A hybrid inverter, also referred to as grid-tied with battery backup, incorporates the best of both grid-tied and off-grid type inverters. A hybrid inverter can sell excess solar production back to the grid like a grid-tied inverter (if grid connected) and can also easily be connected to a backup battery bank like an off-grid inverter. Some hybrid inverter systems are all-in-one, while others are configured with individual components (i.e., separate inverter, charge controller, battery monitor, etc.). There are some hybrid inverter options which do not require batteries to operate, meaning the system can start as a simple grid tie and then batteries can be added later on (this will not work if there’s no grid). This is usually the preferred inverter type for anyone that wants battery backup during a grid outage. It’s also what most people use for things like peak-load shaving, selfconsumption and time of use. For some applications, these inverters can also be used for off-grid since they are also battery connected inverters.
Inverter Recommendations for Modern Systems
Inverters can be found with two types of output, pure sine wave and modified sine wave. For most modern appliances, pure sine wave is going to work best. Pure sine wave inverters have a wave form most similar to the grid.
Off-grid inverters usually have fixed battery input and output voltage range specific to common nominal battery voltages (most commonly 12V, 24V and 48V). Input voltage considerations should be considered during the initial design, as most off-grid inverters cannot change or adjust their input voltage. Most projects are best suited with 24V or 48V inverters.
The AC output voltage of the inverter is just as important. In North America most household appliances use 120V AC. Some larger appliances like dryers, HVAC, water heaters, etc. require 240V AC. All off-grid inverters output 120V, but some can output 240V to power heavier loads. Also known as a split phase, there are off-grid inverter options capable of outputting 120/240V AC so that loads requiring either voltage can be operated, just like in most grid-tied homes. Some inverters which are only capable of 120V output can be stacked with another unit to produce 120/240V. In most cases, inverter AC output voltage is also fixed, so if heavier loads may be added in the future to an otherwise small starter system, a split phase inverter can make things easier later on.
Most off-grid inverters are actually inverter/chargers, meaning they can utilize an external AC power source for pass through to loads and/or battery charging during times of high consumption or insuffcient solar potential. A generator back up is highly recommended for most off-grid applications, and thus it’s also a very important consideration to make sure the system incorporates an inverter/charger. The inverter/charger can pull power from the generator and use that to run the loads, plus charge the batteries if they are low.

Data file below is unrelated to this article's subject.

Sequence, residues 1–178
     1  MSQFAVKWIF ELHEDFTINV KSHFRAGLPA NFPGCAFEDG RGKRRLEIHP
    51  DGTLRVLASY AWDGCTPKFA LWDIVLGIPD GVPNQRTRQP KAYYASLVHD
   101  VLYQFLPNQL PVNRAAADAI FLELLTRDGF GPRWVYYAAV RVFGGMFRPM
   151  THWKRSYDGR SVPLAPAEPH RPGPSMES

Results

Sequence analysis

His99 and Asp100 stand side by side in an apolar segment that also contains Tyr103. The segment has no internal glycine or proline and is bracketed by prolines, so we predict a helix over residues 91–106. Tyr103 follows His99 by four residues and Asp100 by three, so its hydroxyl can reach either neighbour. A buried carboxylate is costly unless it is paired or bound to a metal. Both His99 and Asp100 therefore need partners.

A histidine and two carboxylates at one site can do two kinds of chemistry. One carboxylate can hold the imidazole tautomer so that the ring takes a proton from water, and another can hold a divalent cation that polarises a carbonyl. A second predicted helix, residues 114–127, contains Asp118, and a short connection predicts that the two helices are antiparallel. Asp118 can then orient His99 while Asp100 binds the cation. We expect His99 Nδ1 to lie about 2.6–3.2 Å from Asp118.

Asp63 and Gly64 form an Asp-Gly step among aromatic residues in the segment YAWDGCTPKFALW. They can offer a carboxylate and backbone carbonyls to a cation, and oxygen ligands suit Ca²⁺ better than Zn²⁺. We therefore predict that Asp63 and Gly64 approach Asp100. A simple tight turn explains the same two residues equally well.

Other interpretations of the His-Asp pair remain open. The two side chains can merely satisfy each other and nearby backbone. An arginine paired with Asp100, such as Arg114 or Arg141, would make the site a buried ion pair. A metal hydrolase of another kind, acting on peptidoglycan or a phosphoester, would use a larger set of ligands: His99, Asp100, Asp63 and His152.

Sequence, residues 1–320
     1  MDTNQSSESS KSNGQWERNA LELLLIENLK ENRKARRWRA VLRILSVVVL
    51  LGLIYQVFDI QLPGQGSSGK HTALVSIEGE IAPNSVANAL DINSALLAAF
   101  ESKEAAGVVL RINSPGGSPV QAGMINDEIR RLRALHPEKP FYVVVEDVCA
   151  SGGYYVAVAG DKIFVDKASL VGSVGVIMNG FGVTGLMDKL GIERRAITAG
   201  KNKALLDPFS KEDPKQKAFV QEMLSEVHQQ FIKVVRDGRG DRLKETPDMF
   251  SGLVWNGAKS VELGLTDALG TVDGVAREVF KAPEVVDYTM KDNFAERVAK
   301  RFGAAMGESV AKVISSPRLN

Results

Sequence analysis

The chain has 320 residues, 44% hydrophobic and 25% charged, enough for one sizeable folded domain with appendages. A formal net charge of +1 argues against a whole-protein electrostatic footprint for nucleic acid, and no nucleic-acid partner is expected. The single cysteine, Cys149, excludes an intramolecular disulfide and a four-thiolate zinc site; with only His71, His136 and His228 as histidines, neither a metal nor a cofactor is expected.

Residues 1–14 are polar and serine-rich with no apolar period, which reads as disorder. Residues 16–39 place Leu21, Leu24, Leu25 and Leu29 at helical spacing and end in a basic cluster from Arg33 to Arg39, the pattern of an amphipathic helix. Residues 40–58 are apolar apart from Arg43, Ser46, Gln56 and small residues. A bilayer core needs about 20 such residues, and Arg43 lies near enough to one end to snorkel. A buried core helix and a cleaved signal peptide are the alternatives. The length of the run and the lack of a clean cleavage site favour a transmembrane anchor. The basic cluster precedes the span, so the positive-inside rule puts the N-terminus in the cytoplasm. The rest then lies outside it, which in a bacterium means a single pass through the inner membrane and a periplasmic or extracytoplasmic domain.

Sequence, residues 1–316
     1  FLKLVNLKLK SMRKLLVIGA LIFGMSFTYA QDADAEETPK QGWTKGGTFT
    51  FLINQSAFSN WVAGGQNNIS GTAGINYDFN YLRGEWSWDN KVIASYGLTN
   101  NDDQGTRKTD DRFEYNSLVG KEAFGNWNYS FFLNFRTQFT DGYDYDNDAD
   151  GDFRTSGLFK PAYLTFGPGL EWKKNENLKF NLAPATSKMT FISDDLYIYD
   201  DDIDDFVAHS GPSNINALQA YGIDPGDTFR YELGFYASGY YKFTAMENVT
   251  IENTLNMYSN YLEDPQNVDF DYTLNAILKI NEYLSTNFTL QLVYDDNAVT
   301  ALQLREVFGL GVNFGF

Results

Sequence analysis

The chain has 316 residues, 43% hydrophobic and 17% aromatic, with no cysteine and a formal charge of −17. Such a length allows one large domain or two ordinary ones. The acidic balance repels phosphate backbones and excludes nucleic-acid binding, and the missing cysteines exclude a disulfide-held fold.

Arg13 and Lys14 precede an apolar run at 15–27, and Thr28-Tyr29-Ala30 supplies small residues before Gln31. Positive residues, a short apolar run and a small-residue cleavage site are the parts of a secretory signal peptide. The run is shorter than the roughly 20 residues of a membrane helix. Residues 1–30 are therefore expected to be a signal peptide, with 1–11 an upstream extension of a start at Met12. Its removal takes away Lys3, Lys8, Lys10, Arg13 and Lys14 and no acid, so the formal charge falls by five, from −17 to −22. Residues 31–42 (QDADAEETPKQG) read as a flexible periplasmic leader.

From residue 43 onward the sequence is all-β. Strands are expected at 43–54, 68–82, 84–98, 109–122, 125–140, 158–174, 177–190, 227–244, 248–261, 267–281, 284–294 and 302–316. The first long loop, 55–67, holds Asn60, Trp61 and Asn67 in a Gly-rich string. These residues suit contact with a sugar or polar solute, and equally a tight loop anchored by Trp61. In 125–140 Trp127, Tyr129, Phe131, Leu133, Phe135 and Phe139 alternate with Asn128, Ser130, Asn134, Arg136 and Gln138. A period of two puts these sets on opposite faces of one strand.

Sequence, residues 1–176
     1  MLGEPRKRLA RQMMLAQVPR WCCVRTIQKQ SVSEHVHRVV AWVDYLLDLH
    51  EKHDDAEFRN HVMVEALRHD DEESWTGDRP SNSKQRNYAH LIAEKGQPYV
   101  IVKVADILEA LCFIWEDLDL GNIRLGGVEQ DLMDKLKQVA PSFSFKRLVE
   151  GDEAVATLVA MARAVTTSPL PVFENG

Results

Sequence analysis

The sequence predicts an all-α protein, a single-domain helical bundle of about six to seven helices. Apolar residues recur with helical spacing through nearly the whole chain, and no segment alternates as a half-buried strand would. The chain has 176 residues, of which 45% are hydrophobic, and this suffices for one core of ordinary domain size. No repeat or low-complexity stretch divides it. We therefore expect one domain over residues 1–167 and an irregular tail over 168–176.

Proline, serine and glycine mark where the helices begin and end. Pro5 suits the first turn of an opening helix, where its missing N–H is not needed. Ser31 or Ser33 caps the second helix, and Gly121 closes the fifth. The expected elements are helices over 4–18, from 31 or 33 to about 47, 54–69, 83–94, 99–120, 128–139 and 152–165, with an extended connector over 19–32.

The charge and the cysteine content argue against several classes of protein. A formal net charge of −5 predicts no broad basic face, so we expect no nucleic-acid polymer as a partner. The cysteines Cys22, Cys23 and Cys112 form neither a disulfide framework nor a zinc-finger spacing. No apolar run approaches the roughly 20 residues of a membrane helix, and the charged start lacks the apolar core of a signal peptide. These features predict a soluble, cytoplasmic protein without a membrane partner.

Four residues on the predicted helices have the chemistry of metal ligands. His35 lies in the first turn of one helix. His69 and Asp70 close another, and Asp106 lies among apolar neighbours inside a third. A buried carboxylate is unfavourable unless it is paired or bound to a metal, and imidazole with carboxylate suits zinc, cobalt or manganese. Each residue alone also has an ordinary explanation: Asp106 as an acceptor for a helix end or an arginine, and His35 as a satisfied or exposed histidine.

Sizing an Inverter
To size an off-grid inverter, you should consider the unit’s output power rating and sure capacity. Calculating the maximum continuous AC load for the system is a good starting point in choosing the right size inverter. One very important note regarding off-grid inverters is that their power rating has nothing to do with the size of the solar array or battery bank. It is common to oversize an off-grid inverter past the initial demand for future use in case you think your power needs might increase in the future. If going the inverter/charger route, then it’s especially important that the unit be compatible with whatever type of battery is used in the system.
What battery types are there?
The renewable industry is dominated by three common battery types. Flooded lead acid batteries are lead batteries with a liquid electrolyte solution. They have a low upfront cost but require various levels of maintenance and can be sensitive to abusive high demanding applications. Absorbed glass mat batteries (or seal lead acid) are lead acid batteries with the electrolyte absorbed in a fiberglass mat. These are sealed recombinant batteries—they do not require maintenance nor do they off gas hydrogen. However, they are sensitive to over discharge and partial state of charge just like flooded lead acid batteries. Lithium batteries have an obvious high upfront cost, but they are extremely safe and offer the best levelized cost of all solutions for most RE applications. They are extremely resilient to abuse, can accept fast charging/discharging and aren’t affected by partial start of charge. They also can be expanded over time, which is ideal for most dynamic growing applications.